Owens, black groups affirm resolve to stop hate crimes

NAACP leader says communication puts effort on `right track'

Anne Arundel

September 18, 2001|By Lynn Anderson | Lynn Anderson,SUN STAFF

The president of the Anne Arundel County chapter of the NAACP heralded a new era of open communications between county officials and African-American communities after meeting yesterday with County Executive Janet S. Owens.

"I always felt that [county officials] had that [anti-hate crimes] posture," said Gerald G. Stansbury, president of the local chapter of the National Association for the Advancement of Colored People. "But there lacked communication between the county and the community. I think we'll stay focused now. I think we're on the right track."

Those who attended the meeting, which was not open to the public, said it was particularly important to talk about hate crimes against minority groups because some Arab-Americans have faced harassment or violence in the wake of terrorist attacks in New York and at the Pentagon.

"Whether hate crimes are directed at Arab-Americans, African-Americans or whites, as a society we cannot tolerate any acts of violence directed against people merely because of the color of their skin, religion, sexual orientation or nationality," Stansbury said in a written statement released yesterday.

"The recent [attacks] in New York and Washington shows us that unless we get a handle on this problem, hate and violence will escalate," he added.

Series of hate crimes

The NAACP and other African-American organizations, including United Black Clergy, are concerned about a series of hate crimes in the county.

Last week, racist and anti-Semitic graffiti were reported found in two houses under construction in Churchton.

In the past several weeks, the Crofton house and car of a black minister were spray-painted with expletives, threats and racial slurs; a Lothian church was looted and desecrated with satanic and racist epithets; and the letters "KKK" were spray-painted on the garage door of an Edgewater house about to be sold to a black family.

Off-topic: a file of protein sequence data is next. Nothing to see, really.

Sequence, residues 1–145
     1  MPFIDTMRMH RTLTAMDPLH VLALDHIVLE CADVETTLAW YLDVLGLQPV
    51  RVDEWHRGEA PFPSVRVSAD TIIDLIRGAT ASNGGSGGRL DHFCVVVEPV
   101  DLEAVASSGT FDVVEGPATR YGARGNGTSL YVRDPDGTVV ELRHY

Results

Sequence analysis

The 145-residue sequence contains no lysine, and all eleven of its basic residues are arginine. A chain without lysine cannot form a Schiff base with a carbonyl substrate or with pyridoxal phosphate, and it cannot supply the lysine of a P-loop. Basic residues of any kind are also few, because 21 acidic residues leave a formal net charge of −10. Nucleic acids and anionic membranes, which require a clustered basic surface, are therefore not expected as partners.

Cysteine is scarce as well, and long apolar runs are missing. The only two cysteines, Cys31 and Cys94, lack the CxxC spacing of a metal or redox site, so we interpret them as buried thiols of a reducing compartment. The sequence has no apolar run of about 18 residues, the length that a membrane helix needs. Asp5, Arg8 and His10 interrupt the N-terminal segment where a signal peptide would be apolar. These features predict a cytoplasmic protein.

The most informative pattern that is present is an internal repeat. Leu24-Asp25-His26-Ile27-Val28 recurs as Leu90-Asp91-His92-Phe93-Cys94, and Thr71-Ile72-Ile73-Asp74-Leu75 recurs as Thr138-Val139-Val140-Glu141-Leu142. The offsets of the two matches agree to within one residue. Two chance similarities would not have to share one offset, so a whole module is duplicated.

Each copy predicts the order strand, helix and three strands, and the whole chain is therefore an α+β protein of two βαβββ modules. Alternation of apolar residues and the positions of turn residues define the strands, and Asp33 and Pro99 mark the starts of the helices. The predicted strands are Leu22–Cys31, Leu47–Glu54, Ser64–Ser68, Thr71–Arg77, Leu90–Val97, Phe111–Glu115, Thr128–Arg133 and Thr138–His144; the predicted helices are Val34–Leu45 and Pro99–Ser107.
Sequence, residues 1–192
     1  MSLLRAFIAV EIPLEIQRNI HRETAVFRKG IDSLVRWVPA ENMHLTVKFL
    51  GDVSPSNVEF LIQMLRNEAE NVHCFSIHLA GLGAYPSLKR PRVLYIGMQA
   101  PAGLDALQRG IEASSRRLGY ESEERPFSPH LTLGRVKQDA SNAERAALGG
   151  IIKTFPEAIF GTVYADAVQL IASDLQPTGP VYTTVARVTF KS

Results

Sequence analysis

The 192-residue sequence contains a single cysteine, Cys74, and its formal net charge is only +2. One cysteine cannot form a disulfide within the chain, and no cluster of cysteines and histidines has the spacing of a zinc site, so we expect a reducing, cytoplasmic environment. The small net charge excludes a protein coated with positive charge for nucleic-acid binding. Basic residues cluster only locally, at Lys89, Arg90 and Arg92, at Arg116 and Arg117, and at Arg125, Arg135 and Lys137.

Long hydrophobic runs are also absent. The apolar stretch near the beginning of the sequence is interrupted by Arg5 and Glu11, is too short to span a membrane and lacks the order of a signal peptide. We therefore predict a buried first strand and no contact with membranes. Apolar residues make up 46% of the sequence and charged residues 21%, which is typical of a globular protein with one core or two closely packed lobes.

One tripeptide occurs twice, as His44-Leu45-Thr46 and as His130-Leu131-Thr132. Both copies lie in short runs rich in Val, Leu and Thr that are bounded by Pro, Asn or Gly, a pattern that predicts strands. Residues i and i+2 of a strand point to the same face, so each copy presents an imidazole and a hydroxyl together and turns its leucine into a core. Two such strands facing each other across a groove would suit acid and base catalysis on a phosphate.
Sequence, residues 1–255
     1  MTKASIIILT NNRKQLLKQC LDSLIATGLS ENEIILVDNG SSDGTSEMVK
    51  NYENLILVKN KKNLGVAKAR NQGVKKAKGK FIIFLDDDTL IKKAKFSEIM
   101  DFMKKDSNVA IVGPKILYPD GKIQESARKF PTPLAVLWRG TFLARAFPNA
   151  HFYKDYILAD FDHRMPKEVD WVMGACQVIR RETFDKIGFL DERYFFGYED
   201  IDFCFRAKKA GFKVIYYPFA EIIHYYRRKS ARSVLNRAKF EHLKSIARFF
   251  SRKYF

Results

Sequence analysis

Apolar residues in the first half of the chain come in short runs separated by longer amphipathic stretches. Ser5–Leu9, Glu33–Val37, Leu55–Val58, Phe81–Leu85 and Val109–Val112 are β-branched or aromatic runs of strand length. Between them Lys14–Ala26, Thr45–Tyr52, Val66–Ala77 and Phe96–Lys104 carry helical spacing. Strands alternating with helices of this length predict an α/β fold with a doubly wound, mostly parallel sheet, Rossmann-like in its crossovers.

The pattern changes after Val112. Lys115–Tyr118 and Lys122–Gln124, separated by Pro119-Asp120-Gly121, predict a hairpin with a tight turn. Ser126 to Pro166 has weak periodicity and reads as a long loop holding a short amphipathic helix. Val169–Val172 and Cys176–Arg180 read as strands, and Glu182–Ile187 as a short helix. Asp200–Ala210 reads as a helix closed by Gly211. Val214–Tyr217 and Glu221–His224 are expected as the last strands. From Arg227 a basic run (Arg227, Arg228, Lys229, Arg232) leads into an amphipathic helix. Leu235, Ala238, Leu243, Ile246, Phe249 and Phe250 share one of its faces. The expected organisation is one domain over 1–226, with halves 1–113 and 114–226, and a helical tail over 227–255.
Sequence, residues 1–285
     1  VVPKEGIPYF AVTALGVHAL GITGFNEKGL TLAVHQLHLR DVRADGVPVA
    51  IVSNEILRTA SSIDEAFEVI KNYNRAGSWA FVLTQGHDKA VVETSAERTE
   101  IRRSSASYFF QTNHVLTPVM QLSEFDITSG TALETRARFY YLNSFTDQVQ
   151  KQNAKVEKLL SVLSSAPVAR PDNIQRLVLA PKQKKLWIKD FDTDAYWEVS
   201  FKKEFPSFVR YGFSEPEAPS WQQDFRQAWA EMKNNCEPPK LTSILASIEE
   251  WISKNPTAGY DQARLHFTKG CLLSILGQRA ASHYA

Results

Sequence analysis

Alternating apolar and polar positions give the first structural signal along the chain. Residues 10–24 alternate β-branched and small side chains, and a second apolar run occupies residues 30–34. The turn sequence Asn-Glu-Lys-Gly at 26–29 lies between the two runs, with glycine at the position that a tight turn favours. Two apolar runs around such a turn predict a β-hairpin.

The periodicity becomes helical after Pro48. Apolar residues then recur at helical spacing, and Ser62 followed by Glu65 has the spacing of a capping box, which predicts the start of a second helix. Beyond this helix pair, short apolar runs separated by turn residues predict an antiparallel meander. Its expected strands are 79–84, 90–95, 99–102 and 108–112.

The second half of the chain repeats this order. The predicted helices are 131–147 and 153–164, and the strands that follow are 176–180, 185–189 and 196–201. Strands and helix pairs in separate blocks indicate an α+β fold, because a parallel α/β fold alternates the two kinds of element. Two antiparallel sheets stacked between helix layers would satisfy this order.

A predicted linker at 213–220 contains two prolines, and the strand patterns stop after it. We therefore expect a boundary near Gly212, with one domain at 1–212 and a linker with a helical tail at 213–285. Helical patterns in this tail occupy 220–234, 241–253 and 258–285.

The couple who were to buy the house, Frank and Tina Marie Head of Laurel, attended the meeting with Owens and have volunteered to organize an outreach and education program they hope will stem the recent rise in hate crimes. They want to call the event National Hate Hate Crimes Day.

After the meeting, which lasted about an hour and a half and was held in a conference room in Owens' offices in Annapolis, Stansbury said he was confident that the county and community groups could work together to bring an end to hate crimes.

Task force organized

He said that Owens has organized a task force that will meet with officials from the U.S. Department of Justice on Oct. 5 to discuss ways to combat and prosecute hate crimes, and that she had recently reactivated the county's Fair Housing Commission.

Owens was not available for comment after the meeting.

None of the recent race-related crimes in the county, which police do not believe to be related, has been solved.

"Right now, we don't have enough information to charge anyone with the crimes," said county police spokesman Lt. Joseph E. Jordan. "We're still doing whatever we can to find out who did it. We're still looking for that lead to break the case."

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